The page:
By Ray Liu
About 10 years ago, the University turned down a proposal from the Undergraduate Assembly to establish a Penn ambulance service.
Despite the fact that the initiative was unanimously supported by the UA, the plan had several problems, including the high cost of running a fully stocked and certified ambulance, and the fact that the Philadelphia Fire Department offered the same service.
This year, however, a group of Penn students have come up with a new plan, which the UA has again supported unanimously.
Also known as the Medical Emergency Response Team -- or MERT -- initiative, this plan calls for an organization composed of emergency medical technicians and firefighters, some of whom are certified in other forms of life support.
Stating that the Philadelphia Fire Department has limited resources, MERT hopes to complement these official services by arriving at the scene of an on-campus emergency within minutes to begin treatment on a patient.
"The UA and the administration are working closely with us to assure that the... proposal is developed in a fashion that will be conducive to a long-term cooperative relationship between the city, the University and the students of MERT," College freshman Andrew Mener -- who is also a certified EMT and American Heart Association basic cardiac life support instructor -- wrote in an e-mail statement.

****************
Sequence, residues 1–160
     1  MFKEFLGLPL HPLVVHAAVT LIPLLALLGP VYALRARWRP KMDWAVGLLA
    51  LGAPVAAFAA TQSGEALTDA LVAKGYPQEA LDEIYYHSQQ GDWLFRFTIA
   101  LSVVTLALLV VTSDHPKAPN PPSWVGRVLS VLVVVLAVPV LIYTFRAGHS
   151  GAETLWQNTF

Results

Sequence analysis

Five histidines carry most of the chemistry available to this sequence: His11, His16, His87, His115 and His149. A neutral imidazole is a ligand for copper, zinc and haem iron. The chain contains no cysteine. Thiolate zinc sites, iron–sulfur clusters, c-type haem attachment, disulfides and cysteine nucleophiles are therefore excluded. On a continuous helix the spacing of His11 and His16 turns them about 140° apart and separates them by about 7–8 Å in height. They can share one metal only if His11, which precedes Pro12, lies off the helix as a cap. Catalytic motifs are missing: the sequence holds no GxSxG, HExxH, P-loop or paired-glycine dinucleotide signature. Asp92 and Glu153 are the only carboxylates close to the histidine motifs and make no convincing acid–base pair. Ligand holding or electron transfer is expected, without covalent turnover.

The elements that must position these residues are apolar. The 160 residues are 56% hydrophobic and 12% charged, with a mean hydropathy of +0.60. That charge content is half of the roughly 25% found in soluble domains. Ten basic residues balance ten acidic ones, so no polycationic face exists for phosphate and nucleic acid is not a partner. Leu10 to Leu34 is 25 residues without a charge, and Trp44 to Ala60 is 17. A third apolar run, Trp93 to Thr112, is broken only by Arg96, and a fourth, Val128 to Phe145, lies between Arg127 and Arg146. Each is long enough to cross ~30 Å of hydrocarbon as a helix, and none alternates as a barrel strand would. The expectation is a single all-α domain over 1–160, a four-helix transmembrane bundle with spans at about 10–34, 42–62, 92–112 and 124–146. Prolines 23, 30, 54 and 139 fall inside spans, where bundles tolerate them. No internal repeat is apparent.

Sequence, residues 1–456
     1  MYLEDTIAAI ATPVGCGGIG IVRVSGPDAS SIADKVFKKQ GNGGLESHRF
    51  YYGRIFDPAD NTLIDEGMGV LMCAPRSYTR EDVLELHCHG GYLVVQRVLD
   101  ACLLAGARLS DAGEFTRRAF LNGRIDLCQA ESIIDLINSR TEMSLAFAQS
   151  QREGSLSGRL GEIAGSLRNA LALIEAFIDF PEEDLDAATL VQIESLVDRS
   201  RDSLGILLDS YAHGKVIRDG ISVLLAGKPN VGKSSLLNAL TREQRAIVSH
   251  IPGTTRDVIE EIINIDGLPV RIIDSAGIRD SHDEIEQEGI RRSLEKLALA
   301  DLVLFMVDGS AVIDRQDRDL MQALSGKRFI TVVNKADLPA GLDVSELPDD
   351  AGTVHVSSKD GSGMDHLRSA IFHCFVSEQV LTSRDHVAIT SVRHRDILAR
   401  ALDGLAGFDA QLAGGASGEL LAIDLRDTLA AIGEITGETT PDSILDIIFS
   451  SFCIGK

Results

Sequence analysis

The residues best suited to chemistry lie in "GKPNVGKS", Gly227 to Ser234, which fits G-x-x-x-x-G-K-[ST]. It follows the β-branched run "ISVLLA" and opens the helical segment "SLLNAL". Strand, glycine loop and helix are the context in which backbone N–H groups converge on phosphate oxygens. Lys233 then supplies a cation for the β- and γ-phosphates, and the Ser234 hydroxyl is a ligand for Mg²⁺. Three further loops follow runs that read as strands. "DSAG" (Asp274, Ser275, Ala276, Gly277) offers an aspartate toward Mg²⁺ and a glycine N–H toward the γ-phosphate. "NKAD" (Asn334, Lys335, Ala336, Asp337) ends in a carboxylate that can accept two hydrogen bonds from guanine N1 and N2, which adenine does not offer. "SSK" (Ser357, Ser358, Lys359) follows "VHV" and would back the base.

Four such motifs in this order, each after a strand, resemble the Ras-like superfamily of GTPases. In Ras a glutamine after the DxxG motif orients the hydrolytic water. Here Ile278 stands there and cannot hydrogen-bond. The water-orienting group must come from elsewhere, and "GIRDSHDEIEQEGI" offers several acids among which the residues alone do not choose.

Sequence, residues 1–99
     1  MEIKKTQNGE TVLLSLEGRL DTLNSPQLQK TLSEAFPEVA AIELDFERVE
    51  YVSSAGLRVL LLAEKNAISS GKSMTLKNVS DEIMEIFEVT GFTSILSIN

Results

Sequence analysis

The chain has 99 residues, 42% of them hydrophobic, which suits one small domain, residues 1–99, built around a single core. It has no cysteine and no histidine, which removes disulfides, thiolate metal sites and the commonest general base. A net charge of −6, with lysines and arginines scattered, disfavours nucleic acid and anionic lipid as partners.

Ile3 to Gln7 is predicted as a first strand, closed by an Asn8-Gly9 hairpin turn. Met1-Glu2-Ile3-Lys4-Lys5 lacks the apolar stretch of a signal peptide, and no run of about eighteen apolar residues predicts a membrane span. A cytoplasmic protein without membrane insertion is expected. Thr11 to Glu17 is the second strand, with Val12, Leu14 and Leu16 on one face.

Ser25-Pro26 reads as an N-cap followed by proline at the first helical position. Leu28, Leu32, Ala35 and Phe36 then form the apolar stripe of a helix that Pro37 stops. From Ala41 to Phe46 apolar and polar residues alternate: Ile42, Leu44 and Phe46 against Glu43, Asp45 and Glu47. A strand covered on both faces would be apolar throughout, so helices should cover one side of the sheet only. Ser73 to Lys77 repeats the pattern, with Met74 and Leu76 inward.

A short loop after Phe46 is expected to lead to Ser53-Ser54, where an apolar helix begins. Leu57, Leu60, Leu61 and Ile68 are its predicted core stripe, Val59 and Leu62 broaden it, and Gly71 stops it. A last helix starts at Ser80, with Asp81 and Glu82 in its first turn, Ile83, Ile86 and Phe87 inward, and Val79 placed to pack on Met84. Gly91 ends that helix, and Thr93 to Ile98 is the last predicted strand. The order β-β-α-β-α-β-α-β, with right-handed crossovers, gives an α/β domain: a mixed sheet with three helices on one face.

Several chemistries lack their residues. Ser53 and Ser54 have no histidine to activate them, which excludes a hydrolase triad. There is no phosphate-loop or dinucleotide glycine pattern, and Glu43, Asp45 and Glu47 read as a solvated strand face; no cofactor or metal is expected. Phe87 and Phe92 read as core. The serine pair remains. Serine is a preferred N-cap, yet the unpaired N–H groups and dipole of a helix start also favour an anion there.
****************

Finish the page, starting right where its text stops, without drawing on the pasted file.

"We are currently doing more research on other colleges that offer similar services," he added, mentioning that "many schools, such as Brown and Columbia, have similar first response systems."
And although past proposals at Penn have met roadblocks, Columbia University Emergency Response Team members boast a strong relationship with their university administration.
"We were founded in 1962, when students responded to a situation where a dean was shot," Columbia University Emergency Medical Service Director and Columbia College junior Jordan Brafman said. "We have a wonderful relationship with our administration and work with our Health Services and Security departments."
"We recently became available 24 hours a day, seven days a week, and respond to approximately 700 calls per year," he said.
Mener and College sophomore Paul Mattus -- who is a firefighter and Emergency Medical Services attendant for the Camp Hill Fire Department in Pennsylvania -- are leading the effort to establish MERT at Penn.
The two are hoping that MERT will ultimately be able to extend its operating hours until coverage is available around the clock, like the situation at Columbia.
In addition, MERT is looking to identify other EMTs on campus and is investigating the option of offering an EMT course at Penn next semester.
Any students who wish to volunteer for this effort should contact either Mener or Mattus by e-mail.
Organizers plan to bring MERT under University review after formalizing their proposal.